Henderson also disputed the District's claim she had no private right of action for damages under section 44918, arguing the statute imposed a mandatory duty specifically designed to protect the employment rights of temporary teachers, and thus recognition of a private right of action in members of that affected group was necessary to further the statutory goal. Alternatively, she claimed that even if the court determined there was no private right of action, the District had expressly conceded that a petition for writ of mandate would be an appropriate remedy, and her cause of action alleged all the necessary facts to warrant such relief.

On October 25, 2011, the date originally scheduled for the demurrer to be heard, the court issued an order soliciting additional briefing on several issues. First, the court asked the parties to assume Henderson's right to preference in rehiring for the 2010-2011 school year had not been addressed in the earlier administrative proceeding, as she claimed, and to explain what obligation, if any, she had to exhaust administrative remedies for that claim prior to seeking relief in the court. Second, the court asked the parties to address whether Henderson's eligibility for "first priority" under section 44918 was dependent upon her serving two consecutive years as a temporary teacher after she had been released pursuant to section 44954. And third, the court asked the parties to address the extent to which Government Code section 815.18 bears on the analysis of whether Henderson has a private right of action under section 44918.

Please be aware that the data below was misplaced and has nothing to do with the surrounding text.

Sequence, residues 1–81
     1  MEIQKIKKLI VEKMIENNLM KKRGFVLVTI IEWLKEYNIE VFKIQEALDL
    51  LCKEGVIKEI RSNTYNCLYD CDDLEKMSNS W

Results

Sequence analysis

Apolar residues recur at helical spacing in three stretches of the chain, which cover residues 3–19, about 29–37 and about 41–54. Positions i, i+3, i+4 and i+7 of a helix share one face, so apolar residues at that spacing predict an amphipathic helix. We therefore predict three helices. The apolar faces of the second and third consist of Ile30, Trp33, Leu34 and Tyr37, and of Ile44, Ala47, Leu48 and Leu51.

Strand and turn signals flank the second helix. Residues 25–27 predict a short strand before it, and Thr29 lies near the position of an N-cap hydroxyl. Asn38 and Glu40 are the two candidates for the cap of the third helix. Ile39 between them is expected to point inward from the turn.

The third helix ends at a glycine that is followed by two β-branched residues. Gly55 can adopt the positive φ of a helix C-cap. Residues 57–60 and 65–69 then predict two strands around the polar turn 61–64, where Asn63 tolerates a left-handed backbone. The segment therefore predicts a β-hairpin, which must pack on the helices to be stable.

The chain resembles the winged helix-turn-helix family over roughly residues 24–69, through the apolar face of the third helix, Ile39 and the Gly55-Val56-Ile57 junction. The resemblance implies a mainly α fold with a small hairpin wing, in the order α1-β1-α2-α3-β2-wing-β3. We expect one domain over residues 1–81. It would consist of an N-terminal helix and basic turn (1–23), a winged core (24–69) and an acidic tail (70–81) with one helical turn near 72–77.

The parties provided the court with additional briefing, with the District adopting the court's suggestion that Henderson would not qualify for "first priority" in rehiring under section 44918, because she could not allege she had been retained as a temporary teacher for two full years after she was released pursuant to section 44954. The District also offered additional arguments supporting its contention Henderson had no private right of action under section 44918 in any event, and reasserted its claim that Henderson's causes of action were barred by the earlier administrative proceeding, but this time stated in terms of a "primary rights" analysis. Specifically, the District argued the "primary ...